A newly renovated shared garden at Murray Royal Hospital with seating, Strength and Balance posts and new pathways.

Kayleigh Lytham, Dementia Friendly Development Officer at Paths for All, said,

I’m absolutely thrilled with the outcome of the renovation works and the commitment of those involved in planning and delivering what has been an ambitious and incredibly beneficial project. We were delighted to be given the opportunity to lead the project. The opportunity to collaborate with a host of expert partners has offered a wealth of learning and insight.

With patient experience and nature connectedness at the centre of the project, this has culminated in shared spaces which offer countless opportunities to reflect, connect and move more in accessible and creative ways. A huge thank you to everyone involved.

Notably, Alec Finlay, our artist-in-residence created bespoke ‘poem-objects’ – a suite of garden tools such as watering cans, seed trays and bird boxes adorned with poems. It is hoped these objects, which will be well-known and used by patients, will harken back to fond memories and past experiences centred around nurturing and tending to plants, colours and seasonal cycles. At the same time, the works celebrate and were inspired by Perthshire poet and gardener, G.F. Dutton.

A montage of images showing poem objects - a wind chime, bird box and hanging feeder) by Alec Finlay (credit: Kristie de Garris) and raised beds with seating.

Shelley McCarthy, Charity Chief Officer for Tayside Health Fund, NHS Tayside's charity said,

Dementia has been a national priority in Scotland since 2007 with a focus on person-centred treatment in all settings.

Tayside Health Fund is delighted to be supporting such an innovative project at Murray Royal Hospital. Safe, therapeutic areas are crucially important for the delivery of health care and are particularly vital to promoting good mental health. I am delighted we have been able to transform both greenspaces into something wonderful which will have fantastic health benefits for our patients.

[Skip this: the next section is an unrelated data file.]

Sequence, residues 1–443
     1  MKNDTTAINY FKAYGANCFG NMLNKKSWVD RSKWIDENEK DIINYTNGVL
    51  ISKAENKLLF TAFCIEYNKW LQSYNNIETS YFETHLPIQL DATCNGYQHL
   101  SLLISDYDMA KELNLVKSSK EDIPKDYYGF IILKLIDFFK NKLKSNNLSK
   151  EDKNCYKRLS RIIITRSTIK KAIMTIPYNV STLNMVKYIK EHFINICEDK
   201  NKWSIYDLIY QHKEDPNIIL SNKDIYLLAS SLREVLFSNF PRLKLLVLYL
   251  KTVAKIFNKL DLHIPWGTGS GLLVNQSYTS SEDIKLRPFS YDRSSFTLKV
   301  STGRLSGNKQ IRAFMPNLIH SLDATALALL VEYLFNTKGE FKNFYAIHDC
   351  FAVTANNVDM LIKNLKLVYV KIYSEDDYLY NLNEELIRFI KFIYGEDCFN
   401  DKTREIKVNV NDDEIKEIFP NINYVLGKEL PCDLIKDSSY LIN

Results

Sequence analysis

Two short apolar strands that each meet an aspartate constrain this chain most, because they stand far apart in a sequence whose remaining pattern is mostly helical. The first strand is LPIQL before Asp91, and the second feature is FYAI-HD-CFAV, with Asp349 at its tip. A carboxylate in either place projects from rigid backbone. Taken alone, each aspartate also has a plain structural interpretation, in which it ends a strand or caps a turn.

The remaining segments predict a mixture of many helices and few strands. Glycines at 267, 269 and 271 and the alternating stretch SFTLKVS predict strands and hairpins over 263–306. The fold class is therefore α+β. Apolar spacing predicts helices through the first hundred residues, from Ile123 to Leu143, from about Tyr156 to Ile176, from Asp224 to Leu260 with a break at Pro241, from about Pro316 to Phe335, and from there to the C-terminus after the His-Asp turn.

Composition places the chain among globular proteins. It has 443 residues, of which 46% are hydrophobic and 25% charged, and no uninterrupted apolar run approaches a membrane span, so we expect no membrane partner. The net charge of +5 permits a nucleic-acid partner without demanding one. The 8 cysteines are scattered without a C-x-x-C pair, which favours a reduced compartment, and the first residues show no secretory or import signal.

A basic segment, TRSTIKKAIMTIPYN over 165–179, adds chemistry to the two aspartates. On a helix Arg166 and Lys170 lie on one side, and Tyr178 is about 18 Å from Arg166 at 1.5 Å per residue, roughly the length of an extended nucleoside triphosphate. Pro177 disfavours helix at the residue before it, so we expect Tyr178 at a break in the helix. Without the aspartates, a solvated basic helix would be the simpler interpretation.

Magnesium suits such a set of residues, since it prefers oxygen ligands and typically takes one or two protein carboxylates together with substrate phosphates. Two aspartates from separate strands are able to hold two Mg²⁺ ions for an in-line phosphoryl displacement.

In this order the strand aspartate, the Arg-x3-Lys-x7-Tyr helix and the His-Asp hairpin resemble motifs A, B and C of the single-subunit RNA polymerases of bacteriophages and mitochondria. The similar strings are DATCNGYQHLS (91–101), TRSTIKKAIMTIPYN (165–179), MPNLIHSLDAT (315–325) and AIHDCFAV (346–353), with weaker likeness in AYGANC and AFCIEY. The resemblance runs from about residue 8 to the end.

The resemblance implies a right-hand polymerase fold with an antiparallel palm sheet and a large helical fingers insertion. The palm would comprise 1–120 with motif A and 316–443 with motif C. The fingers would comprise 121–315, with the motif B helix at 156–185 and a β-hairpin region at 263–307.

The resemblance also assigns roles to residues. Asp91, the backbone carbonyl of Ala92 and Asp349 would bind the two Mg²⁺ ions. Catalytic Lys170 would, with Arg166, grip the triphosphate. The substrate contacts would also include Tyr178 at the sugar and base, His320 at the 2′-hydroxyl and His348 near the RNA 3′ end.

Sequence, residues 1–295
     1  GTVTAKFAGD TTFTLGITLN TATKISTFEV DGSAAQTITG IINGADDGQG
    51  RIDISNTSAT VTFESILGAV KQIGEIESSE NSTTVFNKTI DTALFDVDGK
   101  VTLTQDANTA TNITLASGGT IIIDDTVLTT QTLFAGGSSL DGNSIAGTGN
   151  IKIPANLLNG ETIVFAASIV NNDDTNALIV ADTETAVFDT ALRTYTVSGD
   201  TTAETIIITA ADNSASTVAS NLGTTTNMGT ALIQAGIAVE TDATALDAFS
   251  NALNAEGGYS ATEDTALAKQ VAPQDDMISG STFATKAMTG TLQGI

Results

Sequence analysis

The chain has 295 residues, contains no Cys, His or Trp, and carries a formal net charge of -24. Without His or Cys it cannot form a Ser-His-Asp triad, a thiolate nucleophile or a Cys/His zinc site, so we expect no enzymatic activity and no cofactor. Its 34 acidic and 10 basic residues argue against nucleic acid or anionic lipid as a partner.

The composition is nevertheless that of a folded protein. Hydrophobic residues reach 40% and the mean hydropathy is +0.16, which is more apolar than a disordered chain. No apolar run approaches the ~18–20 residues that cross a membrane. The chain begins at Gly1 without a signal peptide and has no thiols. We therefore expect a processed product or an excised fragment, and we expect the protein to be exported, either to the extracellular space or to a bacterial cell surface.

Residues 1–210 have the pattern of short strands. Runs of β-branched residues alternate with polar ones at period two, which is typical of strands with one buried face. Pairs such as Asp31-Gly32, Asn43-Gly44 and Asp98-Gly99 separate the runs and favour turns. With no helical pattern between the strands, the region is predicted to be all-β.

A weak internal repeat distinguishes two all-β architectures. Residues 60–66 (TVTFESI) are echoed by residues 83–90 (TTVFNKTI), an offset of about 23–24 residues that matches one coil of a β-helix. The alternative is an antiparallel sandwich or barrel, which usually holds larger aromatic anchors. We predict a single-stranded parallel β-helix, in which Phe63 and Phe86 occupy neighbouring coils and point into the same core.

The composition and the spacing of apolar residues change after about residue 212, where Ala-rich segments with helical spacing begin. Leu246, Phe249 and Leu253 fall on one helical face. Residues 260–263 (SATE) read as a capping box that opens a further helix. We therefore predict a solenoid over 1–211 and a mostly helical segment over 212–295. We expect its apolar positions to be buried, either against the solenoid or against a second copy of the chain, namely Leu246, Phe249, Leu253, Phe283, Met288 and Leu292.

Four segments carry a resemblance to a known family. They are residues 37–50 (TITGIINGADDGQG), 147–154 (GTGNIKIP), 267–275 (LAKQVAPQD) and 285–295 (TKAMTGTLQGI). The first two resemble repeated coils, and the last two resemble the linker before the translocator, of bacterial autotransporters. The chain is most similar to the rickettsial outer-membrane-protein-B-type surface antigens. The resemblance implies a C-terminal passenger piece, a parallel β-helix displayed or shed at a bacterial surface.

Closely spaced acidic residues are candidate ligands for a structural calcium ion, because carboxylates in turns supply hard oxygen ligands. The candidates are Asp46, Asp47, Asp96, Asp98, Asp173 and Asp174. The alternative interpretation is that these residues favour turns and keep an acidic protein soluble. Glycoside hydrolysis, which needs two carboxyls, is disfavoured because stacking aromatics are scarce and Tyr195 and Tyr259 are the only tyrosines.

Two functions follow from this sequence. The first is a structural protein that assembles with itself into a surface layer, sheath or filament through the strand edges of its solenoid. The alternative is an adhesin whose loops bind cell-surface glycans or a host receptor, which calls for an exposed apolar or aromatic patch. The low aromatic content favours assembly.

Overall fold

Chris Lamont, Senior Service Manager - Mental Health Services, Perth and Kinross Health and Social Care Partnership said,

We are delighted with the beautiful outdoor environment which has been created for the patients and their families and carers. The amount of work and effort which has gone into planning and designing this space has been enormous and we are hugely grateful to everyone who has supported and been involved with this project.

These lovely outdoor areas will benefit many people for many years to come and this is something which we are endeavouring to extend across other health facilities within the Health and Social Care Partnership.

The transformation of the shared gardens has created attractive and serene spaces, natural ambience and personal experiences centred around moving more to support recovery of patients and facilitate valuable opportunities to enjoy physical activity in accessible and meaningful ways. This project has reflected the fundamental needs and wishes of patients, staff and visitors.

You can watch key highlights from the launch event in our heart-warming video here.

Find more information about our Dementia Friendly work here

If you'd like to understand context of the project and the exciting developments which have taken place, you can read an earlier, related story from June 2023 here.